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In conclusion, it is evident that Sequoia differentiates itself from its other VC competitors by engaging in a different analysis strategy – one that focuses on the market rather than the people. By doing so, Sequoia has and will continue to invest in companies that have the potential to become leaders of the world’s most massive markets. This strategy, along with Sequoia’s culture of asking the right questions is what had allowed them to become one of the world’s most prominent VC firms.







5 thoughts on “Markets Make The Money: Sequoia Capital

  1. Nick I really enjoyed reading your blog post about what has made Sequoia so successful over the years. I had the opportunity to read a case on Don and his obsession with finding the next huge market, and this really demonstrated how true his pursuit of a great market was. Being from Silicon Valley and seeing all the venture capital funds in the area only makes Sequoia’s success even more impressive. It seems to me that they are definitely the firm that all other venture capital firms strive to be.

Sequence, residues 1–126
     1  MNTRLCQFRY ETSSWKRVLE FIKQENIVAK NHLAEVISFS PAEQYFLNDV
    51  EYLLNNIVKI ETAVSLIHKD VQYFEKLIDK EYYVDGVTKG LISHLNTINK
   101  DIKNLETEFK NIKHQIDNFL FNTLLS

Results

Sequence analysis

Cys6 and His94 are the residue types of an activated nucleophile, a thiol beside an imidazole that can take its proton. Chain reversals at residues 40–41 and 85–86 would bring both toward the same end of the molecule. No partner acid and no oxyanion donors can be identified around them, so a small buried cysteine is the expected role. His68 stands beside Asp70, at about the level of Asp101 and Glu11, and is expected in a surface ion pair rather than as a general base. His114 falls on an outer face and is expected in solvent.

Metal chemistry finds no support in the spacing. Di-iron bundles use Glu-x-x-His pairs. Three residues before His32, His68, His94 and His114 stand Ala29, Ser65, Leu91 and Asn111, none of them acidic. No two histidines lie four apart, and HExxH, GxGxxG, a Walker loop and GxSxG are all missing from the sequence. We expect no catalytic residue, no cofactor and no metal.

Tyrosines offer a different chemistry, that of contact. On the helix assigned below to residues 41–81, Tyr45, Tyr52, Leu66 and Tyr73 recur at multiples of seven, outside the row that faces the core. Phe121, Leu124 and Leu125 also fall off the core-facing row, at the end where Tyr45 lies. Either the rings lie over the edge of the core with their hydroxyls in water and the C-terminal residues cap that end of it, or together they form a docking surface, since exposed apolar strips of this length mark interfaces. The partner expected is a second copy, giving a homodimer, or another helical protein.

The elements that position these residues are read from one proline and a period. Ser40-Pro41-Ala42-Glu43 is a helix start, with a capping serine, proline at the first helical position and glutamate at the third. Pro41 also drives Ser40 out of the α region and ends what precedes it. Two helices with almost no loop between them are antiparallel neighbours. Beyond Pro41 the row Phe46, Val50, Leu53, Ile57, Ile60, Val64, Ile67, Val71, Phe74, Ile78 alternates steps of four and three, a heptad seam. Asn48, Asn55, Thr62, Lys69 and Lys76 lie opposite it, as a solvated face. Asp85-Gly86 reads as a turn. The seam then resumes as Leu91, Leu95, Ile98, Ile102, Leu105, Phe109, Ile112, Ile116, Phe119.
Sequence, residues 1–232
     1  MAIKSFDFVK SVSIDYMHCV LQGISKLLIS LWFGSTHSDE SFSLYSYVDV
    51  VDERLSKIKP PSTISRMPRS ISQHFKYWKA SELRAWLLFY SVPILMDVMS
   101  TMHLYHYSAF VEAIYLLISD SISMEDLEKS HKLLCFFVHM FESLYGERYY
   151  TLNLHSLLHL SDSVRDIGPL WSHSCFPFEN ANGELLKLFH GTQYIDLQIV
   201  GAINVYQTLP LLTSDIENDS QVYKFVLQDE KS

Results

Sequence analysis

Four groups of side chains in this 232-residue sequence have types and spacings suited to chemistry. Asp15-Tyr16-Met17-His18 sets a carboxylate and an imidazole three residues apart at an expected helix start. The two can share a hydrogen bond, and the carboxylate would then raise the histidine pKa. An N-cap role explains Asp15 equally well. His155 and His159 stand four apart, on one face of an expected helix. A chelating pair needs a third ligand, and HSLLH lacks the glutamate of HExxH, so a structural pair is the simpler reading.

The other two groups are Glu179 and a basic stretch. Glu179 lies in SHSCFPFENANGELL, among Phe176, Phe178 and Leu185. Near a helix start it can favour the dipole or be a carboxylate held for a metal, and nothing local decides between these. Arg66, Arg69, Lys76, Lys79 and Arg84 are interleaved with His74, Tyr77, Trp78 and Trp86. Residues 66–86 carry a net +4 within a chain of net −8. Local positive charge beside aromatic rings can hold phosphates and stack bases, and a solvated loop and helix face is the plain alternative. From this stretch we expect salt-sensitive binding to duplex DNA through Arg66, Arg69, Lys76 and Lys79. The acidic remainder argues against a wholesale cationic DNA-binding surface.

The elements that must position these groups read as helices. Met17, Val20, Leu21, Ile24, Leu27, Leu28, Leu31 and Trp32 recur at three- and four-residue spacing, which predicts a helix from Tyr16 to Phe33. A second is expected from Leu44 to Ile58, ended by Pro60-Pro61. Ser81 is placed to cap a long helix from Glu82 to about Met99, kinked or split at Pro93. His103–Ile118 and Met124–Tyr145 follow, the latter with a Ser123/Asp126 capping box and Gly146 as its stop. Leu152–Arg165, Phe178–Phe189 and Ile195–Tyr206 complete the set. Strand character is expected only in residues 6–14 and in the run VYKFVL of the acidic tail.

2. Great post! Having had exposure to True Ventures, I can definitely attest that this company is all about the people. They look for daring, passionate, and experienced entrepreneurs that will pour their all into their startup. They then see if this fits with the market and the deal, and try to find the perfect blend of all three. Their main emphasis on people, however, brings a very different dynamic than that of Sequoia’s, which focuses primarily on market opportunity. While both have had great success as companies, I believe that the work culture centered around people is one that I most align with.


  3. Great insights into Sequoia and the VC world! When we visited Pat Grady and the Sequoia team, they definitely stressed the importance of asking the right questions and the connection between storytelling and entrepreneurship. Obviously, there is no formula for investing in successful startups, but Sequoia has established itself as a premier VC by keenly investing in potential and growth.


  4. Great blogpost Nick! I always thought that VC was more centered on people. However, this approach of looking at the market first makes a lot more sense. I also really like the point that they focus on the how technical the founders are and if they have the technical knowledge to bring the product to completion. This really shows that Sequoia knows that their expertise is on the business so they can help startups with that part.


  5. Awesome follow up post after Doyle’s lecture! I think it’s interesting that they try to avoid companies that are creating markets. I didn’t realize that they had initially invested in Apple. I wonder if that case caused them to question their approach and consider opening themselves to startups explore new markets. However, they seem to be doing pretty well by focusing on companies that have a huge existing market that they can disrupt.